Wednesday, April 21, 2010

Dan Moser's Florida Weekly column: Second Florida Bike Summit a Success

Unlike last year’s unseasonable monsoons that occurred during the Florida Bike Summit at the State Capitol, the weather cooperated this time. And as was the case last year, Florida Bicycle Association members and other advocates who took part made progress in moving forward the effort to improve conditions throughout the state for all cyclists. A number of bills FBA supports are making their way through the process, although their fate is unknown as of the writing of this column.

Capitol City Cyclists and others rode up St. Marks Trail to attend the event that began with a rally in the Capitol’s courtyard. Three state legislators, Sen. Paula Dockery, Rep. Adam Fetterman and Rep. Julio Rubaino, each pledged support for our efforts. The highlight was the announcement by Rep. Rubaino of the reformation of a statewide bike/ ped advisory council, something we’ve been working on for a long time.

Summit attendees conducted dozens of meetings with elected officials and their staffs. Officials were asked to support various initiatives, including: an anti-texting ban; ensuring bikes will be allowed on trains; increasing penalties for drivers who injure or kill vulnerable road users; and preserving the Office of Greenways and Trails, an important partner that’s been targeted the past two years. Reports from the meetings were generally very positive, with most appearing to at least understand the issues. Two local officials with whom I met, Sen. Dave Aronberg and Rep. Nick Thompson, are both strong supporters of efforts to make things better for cyclists and pedestrians throughout the state.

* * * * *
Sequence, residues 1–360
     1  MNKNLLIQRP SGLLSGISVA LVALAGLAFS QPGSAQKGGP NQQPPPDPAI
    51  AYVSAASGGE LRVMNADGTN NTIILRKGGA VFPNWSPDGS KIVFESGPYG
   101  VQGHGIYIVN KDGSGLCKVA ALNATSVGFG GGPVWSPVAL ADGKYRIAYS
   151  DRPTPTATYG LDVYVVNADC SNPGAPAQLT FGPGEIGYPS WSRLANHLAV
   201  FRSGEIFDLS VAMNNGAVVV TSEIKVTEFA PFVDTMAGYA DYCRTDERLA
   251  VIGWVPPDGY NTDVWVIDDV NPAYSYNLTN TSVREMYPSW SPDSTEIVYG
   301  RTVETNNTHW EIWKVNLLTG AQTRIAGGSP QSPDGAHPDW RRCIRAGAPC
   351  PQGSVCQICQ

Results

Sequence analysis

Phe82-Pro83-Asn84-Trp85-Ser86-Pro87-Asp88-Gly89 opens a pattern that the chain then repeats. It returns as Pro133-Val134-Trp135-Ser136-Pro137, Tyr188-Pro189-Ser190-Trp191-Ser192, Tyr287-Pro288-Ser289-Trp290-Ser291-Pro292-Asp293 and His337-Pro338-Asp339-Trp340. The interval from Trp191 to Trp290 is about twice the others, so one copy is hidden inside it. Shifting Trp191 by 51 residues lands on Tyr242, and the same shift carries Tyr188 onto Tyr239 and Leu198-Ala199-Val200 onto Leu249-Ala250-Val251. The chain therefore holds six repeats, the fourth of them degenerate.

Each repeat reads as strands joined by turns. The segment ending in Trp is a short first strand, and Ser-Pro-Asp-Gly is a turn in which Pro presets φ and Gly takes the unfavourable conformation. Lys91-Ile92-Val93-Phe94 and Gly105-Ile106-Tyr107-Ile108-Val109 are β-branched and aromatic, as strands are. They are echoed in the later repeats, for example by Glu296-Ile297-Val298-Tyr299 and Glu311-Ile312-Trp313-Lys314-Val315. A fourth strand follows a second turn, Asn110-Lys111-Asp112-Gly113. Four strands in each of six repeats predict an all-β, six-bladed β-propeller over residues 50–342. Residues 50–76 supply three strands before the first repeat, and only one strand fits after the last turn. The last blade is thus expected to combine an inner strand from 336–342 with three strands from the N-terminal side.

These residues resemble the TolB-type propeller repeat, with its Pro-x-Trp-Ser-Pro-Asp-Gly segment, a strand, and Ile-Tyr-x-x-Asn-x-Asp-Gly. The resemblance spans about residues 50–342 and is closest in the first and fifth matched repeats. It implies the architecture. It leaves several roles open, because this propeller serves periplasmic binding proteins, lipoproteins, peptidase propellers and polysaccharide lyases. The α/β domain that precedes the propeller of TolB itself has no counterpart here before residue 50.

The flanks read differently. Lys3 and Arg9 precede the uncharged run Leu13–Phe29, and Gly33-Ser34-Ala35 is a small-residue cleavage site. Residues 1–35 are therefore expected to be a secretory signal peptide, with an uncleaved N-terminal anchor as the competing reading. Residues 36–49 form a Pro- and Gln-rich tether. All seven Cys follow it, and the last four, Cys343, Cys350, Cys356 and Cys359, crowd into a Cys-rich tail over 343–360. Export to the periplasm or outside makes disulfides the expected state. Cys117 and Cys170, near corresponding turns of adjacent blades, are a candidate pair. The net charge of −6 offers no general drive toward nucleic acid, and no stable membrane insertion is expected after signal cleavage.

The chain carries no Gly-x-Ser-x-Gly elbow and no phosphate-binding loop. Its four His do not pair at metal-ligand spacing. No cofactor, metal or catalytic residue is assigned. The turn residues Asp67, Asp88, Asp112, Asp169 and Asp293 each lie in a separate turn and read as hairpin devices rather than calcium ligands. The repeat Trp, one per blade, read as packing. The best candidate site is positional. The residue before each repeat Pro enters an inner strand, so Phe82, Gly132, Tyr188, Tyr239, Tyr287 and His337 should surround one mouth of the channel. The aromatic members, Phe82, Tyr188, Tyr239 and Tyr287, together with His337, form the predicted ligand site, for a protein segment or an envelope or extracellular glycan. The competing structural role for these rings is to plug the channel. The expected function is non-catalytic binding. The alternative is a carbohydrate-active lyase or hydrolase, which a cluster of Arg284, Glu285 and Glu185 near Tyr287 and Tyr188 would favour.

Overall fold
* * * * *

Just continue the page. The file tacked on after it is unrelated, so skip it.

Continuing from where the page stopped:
Next up: ProBike/ProWalk Florida. We’re holding our annual conference in Lakeland May 11 to 13. Click here for all the details.

Advocacy news

BikeWalkLee would like to see signs erected throughout the county that have been recently approved for use on roads without bike lanes or paved shoulders and that are too narrow to allow an average motor vehicle to share the lane safely. The 2009 edition of the Manual of Uniform Traffic Control Devices, a bible-like guidebook for transportation professionals, allows departments of transportation to post “Bikes May Use Full Lane” signs. These regulatory white and black signs make sharing the road enforceable by law and not just a suggestion, as is the case with yellow and black “Share the Road” signs.

Specifically, the 2009 MUTCD says the “Bicycles May Use Full Lane” sign may be used on roadways where no bicycle lanes or adjacent shoulders usable by bicyclists are present and where travel lanes are too narrow for bicyclists and motor vehicles to operate side by side. For support, the MUTCD refers to the Uniform Vehicle Code, which “defines a ‘substandard width lane’ as a ‘lane that is too narrow for a bicycle and a vehicle to travel safely side by side within the same lane (less than 14 inches wide).’”

Many important routes in Lee County that have inadequate bike accommodations (5-foot by 6-foot-wide sidewalks that are riddled with utility poles and others hazards are included in the list) could be signed this way. Cyclists who use — or would like to use — major roads such as College Parkway, Cypress Lake Drive, Bonita Beach Road. and scores of others would undoubtedly benefit from this informative tool. If you’d like to see these signs posted, or have other suggestions for ways road managers can help drivers and cyclists understand that the road is the best and safest place to ride, let them know. You can go to www.bilewalklee. org to learn how.

Until next time, I’ll look for you on the roads and trails. 

— Dan Moser is league cycling instructor/ trainer and program manager for Florida Bicycle Association who cycles, runs and walks regularly for transportation, recreation and fitness. He can be contacted at or 334-6417.

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